Clarification Theory of Catharsis

Clarification Theory of Catharsis : Various Interpretations and Analyses

Clarification Theory of Catharsis : ‘Catharsis’ is a Greek word. It means “purgation”, “purification” and “clarification”. It has been used only once by Aristotle in his ‘Poetics’ while defining Tragedy, “Tragedy then is an imitation of an action that is serious, complete, and of a certain magnitude through pity and fear effecting the proper ‘Catharsis’ of these emotions” Based on the three meanings of the word, ‘Catharsis’ different theories have been evolved to explain Aristotle’s conception of tragic ‘Catharsis.

Clarification Theory of Catharsis

(A) Purgation Theory

(i) Medical Interpretation: ‘Catharsis’ has been taken to be a medical metaphor. ‘Purgation’ denotes a pathological effect on the soul similar to the effect of medicine on the body. Some have referred it to Homeopathic treatment with the like curing the like. Thus, pity and fear are roused and form ‘purgation’ of these emotions., ‘Catharsis’ implies relief. As per Pathological treatment with the unlike curing unlike, the arousing of pity and fear was supposed to bring about the purgation of other emotions like anger and pride.

(ii) Psychological Interpretation: Lucas and l. A. Richards reject the medical interpretation. Lucas says, “The theatre is not a hospital. LA. Richards says that both pity and fear are harmonized and blended in tragedy, and this balance brings relief. 

(iii) Ethical interpretation: In Ethical Interpretation it is explained that Divine law is working to make the universe the best place for living.  The ethical interpretation is a kind of inner illumination resulting in a more balanced attitude to life. Tragedy makes us realize that divine law operates in the universe shaping everything for the best.

(B) The Purification Theory: Humphrey House points out. “Purgation means cleansing”. According to him, Catharsis is an educative and controlling power.  According to ‘The Purification Theory ‘Catharsis’ means that our emotions are purified of excess and defect, or reduced to intermediate state. Thus, ‘Catharsis’ is a kind of moral conditioning.

(C) The Clarification Theory: Neither the ‘Purgation Theory’ nor the ‘Purification Theory’ examines the whole thing. They are occupied with the psychology of the audience. Aristotle was chiefly concerned with the technique of tragedy, not with its psychological effects. Therefore, ‘Clarification Theory’ is more appropriate. Tragic incidents are pitiable and painful. They include murders of dear ones. Such incidents when presented in a great tragedy produce pleasure. This is the tragic paradox; this is the pleasure peculiar to tragedy. When we see Shakespeare’s plays-Macbeth, Hamlet, Othello, King Lear, we see tragic deaths and murders, yet we get aesthetic pleasure. This pleasure is of tragic variety. Generally Tragedies are more popular on the stage than Comedies. Thus, Tragedy provides the universal truth. Catharsis refers to the tragic variety of pleasure. The Catharsis clause is thus definition of the function of tragedy and not of its emotional effect on the audience.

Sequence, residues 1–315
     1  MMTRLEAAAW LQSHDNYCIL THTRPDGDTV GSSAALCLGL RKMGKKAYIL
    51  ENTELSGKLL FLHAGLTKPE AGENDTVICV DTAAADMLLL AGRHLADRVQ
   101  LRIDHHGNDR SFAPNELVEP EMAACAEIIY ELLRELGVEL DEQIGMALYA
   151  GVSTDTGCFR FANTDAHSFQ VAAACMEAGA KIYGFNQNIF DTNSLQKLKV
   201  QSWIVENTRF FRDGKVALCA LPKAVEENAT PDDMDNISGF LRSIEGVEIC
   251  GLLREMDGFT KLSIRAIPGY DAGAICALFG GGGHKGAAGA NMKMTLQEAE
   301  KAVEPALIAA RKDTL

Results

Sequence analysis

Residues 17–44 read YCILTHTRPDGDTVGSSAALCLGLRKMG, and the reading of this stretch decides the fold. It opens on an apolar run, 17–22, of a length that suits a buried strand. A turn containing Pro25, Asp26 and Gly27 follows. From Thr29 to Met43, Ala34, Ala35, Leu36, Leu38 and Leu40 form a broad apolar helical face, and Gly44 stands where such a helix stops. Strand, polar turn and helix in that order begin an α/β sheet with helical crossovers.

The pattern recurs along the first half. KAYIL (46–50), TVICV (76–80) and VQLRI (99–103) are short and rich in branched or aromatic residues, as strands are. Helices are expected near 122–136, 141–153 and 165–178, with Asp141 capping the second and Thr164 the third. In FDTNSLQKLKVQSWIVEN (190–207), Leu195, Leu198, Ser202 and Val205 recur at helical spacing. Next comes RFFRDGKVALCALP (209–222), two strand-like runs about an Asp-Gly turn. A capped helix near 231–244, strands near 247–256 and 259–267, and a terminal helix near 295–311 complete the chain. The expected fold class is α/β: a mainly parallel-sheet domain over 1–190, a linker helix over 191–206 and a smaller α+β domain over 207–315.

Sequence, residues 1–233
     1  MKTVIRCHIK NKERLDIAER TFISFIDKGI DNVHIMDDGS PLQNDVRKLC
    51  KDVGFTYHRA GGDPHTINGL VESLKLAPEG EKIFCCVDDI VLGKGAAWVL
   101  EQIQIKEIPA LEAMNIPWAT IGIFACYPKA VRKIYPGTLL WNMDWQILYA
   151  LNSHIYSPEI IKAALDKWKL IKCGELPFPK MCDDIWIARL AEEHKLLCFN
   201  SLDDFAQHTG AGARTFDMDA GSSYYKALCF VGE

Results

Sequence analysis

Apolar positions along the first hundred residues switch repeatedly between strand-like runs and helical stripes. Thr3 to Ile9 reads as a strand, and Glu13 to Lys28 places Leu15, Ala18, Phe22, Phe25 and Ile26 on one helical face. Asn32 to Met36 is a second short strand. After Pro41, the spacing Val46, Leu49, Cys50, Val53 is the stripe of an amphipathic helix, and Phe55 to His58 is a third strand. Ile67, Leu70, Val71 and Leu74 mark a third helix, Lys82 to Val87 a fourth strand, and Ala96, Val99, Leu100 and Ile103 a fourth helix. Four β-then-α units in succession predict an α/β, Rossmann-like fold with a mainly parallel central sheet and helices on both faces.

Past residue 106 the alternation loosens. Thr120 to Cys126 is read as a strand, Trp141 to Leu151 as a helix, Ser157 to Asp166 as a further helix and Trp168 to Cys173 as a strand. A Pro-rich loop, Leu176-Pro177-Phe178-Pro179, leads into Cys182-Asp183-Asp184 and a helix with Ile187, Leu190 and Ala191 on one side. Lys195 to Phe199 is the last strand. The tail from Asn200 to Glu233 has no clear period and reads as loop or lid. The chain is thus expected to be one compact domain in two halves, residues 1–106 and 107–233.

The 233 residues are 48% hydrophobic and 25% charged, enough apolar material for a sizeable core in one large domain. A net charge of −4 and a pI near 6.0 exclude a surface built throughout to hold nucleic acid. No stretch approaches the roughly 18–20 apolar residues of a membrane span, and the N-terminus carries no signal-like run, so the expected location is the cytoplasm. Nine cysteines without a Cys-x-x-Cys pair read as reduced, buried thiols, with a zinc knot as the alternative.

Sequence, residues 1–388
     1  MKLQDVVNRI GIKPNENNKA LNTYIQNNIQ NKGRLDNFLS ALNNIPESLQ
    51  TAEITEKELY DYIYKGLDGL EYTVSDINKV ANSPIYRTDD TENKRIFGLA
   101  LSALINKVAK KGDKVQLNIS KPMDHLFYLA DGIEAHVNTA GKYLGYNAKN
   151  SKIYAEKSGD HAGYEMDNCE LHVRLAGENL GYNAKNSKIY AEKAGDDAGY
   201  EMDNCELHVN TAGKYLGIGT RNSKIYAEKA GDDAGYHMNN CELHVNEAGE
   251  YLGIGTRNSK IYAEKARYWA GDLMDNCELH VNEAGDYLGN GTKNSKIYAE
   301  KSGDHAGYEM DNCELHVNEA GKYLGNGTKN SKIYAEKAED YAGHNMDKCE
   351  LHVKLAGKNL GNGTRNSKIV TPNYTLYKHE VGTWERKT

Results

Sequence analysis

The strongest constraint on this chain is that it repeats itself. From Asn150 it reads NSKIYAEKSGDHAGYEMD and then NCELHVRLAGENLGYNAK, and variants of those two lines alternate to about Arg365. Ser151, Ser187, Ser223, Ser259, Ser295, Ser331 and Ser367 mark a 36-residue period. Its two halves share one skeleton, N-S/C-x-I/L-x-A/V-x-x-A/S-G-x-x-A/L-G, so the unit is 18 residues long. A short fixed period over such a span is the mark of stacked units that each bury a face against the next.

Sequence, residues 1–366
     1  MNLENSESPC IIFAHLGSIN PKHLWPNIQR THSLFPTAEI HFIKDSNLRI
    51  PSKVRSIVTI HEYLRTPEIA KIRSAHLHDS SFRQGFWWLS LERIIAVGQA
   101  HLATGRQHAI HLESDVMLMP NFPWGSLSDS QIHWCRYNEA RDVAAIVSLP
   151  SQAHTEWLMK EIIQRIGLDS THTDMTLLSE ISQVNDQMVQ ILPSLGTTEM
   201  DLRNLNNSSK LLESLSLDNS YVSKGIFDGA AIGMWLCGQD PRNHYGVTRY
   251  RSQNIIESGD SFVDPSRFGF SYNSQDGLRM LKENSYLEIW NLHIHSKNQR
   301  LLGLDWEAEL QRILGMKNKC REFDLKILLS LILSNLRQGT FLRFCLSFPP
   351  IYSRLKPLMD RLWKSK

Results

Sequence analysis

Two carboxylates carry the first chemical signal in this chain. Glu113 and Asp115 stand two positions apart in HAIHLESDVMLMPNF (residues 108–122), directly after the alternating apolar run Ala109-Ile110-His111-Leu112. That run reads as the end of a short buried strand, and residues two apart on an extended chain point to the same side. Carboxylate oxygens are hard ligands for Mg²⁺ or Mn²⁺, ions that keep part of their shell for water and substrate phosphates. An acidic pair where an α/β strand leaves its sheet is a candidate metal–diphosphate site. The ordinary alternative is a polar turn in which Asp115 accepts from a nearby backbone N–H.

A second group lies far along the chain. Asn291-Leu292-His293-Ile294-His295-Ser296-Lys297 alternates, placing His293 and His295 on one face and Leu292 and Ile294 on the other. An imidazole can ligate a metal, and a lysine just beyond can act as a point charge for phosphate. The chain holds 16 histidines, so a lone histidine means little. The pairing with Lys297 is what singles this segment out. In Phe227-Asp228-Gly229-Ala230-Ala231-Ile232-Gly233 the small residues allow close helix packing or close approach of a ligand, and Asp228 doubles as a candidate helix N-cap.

Thus the ‘clarification Theory’ recognizes the true nature of the ‘Poetics’ as a technical treatise. It relates to the theory of imitation and to the discussion of probability and necessity. By ‘Catharsis’ particular is generalized, individual is universalized. Thus, Catharsis is a process of learning and therefore pleasurable.

Aristotle’s conception of ‘Catharsis’ is purely intellectual. It is neither didactic nor theological nor is it a moral doctrine.  Aristotle lays it down that Tragedy at all times makes its appeal through emotions- through pity and fear. It can succeed only when it arouses the pity and fear proper to it. The doctrine of Catharsis has been interpreted in many ways. Since ‘Catharsis’ is a Greek word, and every language has its own nature, its own Grammar, and since every word of every language has its own syntax and meaning, the debate over the meaning of ‘Catharsis’ will continue.

 Read it also: George Eliot’s Middlemarch : Psychological Novel

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